Flying curbs

Published January 26, 2022

THE unexpected decision of the European Union Aviation Safety Agency to continue its ban on PIA operations to EU countries in the wake of the May 2020 PIA plane crash in Karachi has come as a big blow to the troubled national carrier and the credibility of the Civil Aviation Authority. The EASA decision came as a surprise since Pakistan had been given to understand that the closure of significant safety concerns of the International Civil Aviation Organisation against Pakistan personnel licensing would lead to the lifting of restrictions on Pakistani airlines. Instead, EASA has conveyed to the PIA management that it would conduct its own evaluation of the CAA and PIA before allowing the resumption of flights from Pakistan even though easing ICAO concerns is an important step towards ending the suspension of PIA’s third-country operator authorisation. EASA says it will conduct an audit of the operator prior to ending its suspension as its safety concerns indicated “serious degradation of the PCAA certification and oversight capabilities … Since deficiencies in state oversight were a contributor to the suspension decision, such an audit will have to include verification if these have been properly addressed and corrected”.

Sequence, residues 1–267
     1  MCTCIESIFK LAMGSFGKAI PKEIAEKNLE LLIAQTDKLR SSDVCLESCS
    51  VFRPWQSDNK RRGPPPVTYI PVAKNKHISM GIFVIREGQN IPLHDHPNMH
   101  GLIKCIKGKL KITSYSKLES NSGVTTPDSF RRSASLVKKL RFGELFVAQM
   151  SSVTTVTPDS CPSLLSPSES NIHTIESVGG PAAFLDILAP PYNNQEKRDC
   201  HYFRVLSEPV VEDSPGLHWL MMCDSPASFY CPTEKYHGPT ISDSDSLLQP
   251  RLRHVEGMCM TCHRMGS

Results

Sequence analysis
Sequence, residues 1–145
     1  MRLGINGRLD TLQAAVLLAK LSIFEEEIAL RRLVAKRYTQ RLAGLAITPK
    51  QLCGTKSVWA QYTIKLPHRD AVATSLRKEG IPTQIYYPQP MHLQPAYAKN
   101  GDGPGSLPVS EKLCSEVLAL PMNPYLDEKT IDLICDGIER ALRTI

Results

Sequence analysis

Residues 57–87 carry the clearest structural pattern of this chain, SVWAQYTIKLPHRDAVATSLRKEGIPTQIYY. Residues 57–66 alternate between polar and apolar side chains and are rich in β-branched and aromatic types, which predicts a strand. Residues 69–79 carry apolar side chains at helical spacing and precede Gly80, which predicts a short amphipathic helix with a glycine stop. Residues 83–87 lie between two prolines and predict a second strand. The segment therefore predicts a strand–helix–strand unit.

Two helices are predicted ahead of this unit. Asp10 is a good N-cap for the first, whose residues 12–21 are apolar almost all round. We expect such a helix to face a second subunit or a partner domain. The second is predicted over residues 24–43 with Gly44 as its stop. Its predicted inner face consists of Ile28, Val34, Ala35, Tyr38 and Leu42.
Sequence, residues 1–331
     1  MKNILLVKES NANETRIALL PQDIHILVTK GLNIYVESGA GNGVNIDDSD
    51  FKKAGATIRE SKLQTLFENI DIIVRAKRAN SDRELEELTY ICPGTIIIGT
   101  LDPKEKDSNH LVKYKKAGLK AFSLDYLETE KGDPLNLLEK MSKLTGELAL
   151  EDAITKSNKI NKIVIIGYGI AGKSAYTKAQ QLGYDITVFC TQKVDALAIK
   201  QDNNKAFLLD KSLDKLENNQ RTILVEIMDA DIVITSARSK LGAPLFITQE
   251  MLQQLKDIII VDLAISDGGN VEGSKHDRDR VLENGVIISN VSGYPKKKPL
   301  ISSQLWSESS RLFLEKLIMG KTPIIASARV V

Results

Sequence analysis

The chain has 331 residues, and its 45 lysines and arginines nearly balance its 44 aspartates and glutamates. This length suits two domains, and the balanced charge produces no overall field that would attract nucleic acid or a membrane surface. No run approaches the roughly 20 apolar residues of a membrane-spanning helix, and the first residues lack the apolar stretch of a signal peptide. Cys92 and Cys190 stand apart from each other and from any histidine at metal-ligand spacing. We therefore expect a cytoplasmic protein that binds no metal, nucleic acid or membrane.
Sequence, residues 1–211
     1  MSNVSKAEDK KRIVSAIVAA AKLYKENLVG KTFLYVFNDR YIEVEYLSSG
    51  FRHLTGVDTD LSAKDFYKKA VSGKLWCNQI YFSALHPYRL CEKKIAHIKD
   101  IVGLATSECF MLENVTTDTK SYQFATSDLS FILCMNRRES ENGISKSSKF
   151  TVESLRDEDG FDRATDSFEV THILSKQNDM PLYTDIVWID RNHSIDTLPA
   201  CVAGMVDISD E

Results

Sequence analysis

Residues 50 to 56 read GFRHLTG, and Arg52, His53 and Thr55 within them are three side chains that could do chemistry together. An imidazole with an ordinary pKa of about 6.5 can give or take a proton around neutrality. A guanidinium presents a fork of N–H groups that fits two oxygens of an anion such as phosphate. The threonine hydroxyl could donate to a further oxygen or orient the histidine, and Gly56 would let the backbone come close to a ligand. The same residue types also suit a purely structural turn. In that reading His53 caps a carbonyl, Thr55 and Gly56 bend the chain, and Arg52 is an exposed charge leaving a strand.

No matter how disappointing or worrying the extension in EASA curbs is for Pakistan’s aviation industry, the development is a stark reminder of public concerns regarding the measures taken by the CAA and PIA to tackle safety lapses, as well as the mess that both the industry regulator and national carrier find themselves in. The extension in the curbs also underscores the doubts of the international aviation safety agencies regarding the ability of the CAA to properly regulate and PIA’s capacity to address myriad safety gaps and other issues related to the airworthiness of its aircraft as per global standards. With EASA unlikely to send its people to Pakistan for carrying out the audit because of security concerns and the Covid situation, both the airline and the CAA should use this time window to improve their credibility.

Published in Dawn, January 26th, 2022



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